here) - A moving and shocking documentary about a study in the 70s to raise a chimpanzee as a human and teach him to communicate through sign language. It's a skilfully-made documentary from James Marsh, who made the Oscar-winning Man On Wire, but where that film was particularly notable for how the filmmaking was prominent, here Marsh just sits back and lets the story tell itself.
And it's a horrifying story. The entire experiment was poorly conceived from the start - the chimp is taken from its mother, and put in to live with the family of a woman the project leader had been sleeping with, a family that couldn't use sign language even though they were teaching him sign language. Even after they try to take the experiment back to a more scientific basis, it's still a mess - there's an incredible indulgence of Nim (he even smokes pot, for crying out loud), and a basic failure by all involved to understand that they were dealing with an animal, not a human being, which leads to some horrific incidents. And then the whole experiment ends, having failed to achieve anything, and Nim lives the rest of his life in an environment for which he is entirely unprepared since, you know, he's lived with humans his entire life. It's truly an appalling story. But a great documentary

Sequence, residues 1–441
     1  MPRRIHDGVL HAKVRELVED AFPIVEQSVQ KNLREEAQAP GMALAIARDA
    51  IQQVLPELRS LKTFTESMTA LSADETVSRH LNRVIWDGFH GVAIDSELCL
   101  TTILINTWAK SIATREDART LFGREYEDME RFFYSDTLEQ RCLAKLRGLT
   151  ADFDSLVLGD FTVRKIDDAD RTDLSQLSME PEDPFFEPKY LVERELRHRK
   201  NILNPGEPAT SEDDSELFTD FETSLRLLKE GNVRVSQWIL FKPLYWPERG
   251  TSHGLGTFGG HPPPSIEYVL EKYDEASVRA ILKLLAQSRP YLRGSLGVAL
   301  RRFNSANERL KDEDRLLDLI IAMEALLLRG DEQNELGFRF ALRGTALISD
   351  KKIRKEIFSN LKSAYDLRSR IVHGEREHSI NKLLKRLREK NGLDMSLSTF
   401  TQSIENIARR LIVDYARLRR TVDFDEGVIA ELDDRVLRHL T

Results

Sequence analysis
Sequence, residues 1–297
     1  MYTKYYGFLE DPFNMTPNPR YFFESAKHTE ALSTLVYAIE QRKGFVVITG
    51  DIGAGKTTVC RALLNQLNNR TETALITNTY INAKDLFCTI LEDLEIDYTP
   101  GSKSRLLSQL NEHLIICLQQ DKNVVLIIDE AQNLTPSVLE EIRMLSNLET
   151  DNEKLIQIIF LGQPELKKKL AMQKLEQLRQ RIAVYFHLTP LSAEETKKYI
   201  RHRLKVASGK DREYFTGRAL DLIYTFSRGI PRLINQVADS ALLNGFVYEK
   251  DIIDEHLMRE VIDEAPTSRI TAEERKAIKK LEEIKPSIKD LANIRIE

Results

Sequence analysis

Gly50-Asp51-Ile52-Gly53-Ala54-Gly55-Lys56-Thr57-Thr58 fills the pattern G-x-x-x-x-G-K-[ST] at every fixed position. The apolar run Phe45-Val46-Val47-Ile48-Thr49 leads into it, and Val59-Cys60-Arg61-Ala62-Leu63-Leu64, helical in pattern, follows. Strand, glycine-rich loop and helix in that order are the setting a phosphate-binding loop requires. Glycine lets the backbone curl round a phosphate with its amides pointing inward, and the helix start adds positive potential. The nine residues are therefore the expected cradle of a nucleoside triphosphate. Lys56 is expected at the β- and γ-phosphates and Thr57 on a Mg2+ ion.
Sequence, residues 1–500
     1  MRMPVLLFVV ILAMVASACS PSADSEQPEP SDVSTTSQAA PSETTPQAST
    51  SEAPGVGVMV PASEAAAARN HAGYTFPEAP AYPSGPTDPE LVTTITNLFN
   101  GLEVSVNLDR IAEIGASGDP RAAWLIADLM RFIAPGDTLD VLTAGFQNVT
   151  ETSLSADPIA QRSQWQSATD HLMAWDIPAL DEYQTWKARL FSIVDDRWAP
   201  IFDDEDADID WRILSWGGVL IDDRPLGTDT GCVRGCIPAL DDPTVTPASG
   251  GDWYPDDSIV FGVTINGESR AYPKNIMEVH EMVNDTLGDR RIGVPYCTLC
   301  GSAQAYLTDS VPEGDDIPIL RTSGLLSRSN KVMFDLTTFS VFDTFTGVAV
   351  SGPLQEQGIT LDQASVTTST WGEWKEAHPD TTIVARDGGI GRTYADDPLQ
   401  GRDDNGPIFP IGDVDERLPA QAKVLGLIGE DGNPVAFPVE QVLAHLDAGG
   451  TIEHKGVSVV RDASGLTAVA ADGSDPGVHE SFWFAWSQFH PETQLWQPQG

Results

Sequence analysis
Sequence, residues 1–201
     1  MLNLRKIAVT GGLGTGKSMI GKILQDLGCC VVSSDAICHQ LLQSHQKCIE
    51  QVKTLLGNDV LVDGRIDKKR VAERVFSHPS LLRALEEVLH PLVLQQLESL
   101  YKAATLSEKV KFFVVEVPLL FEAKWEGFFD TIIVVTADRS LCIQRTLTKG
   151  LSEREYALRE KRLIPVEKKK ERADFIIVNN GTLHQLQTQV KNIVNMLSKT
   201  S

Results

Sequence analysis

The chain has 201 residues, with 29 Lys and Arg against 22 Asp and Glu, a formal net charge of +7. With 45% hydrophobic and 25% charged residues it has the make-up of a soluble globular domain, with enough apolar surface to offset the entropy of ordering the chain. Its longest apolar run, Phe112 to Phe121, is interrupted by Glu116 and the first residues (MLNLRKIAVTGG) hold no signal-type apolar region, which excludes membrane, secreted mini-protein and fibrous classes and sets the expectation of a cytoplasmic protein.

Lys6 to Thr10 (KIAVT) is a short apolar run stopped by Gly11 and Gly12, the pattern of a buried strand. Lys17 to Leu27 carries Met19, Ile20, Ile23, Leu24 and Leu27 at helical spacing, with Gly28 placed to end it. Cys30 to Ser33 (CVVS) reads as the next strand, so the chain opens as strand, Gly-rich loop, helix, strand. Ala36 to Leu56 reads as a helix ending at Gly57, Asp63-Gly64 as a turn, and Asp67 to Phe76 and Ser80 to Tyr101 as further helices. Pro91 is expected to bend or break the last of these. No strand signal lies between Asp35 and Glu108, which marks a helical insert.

here) - It seems like every year there's a creepy sex film in the festival, which I normally avoid. But I'd heard an interview with the director of Sleeping Beauty, and it sounded intriguing, so I saw it. It's not a film for everyone, and there were quite a few walkouts even among the self-selected people in the festival for whom a film like this might appeal. The film focuses on a young woman, completely disinterested in pretty much everything in her life, so disengaged that she decides whether or not to go home with a guy on the basis of a coin-toss, who takes on a new very-well-paid job. This involves her stripping naked, being drugged unconscious, and then being visited by men who can do pretty much anything they like to her body (within certain limits). It doesn't go well; or perhaps it does.
As is perhaps inevitable in a film with such a distanced character, the film itself seems remote and disconnected from the events that it portrays, and so there is a lack of emotional connection or passion in the film. I don't know, but I suspect it may be that disconnection that may have lead to the lack of interest by some in the audience. But the film hits a tone that I found utterly compelling.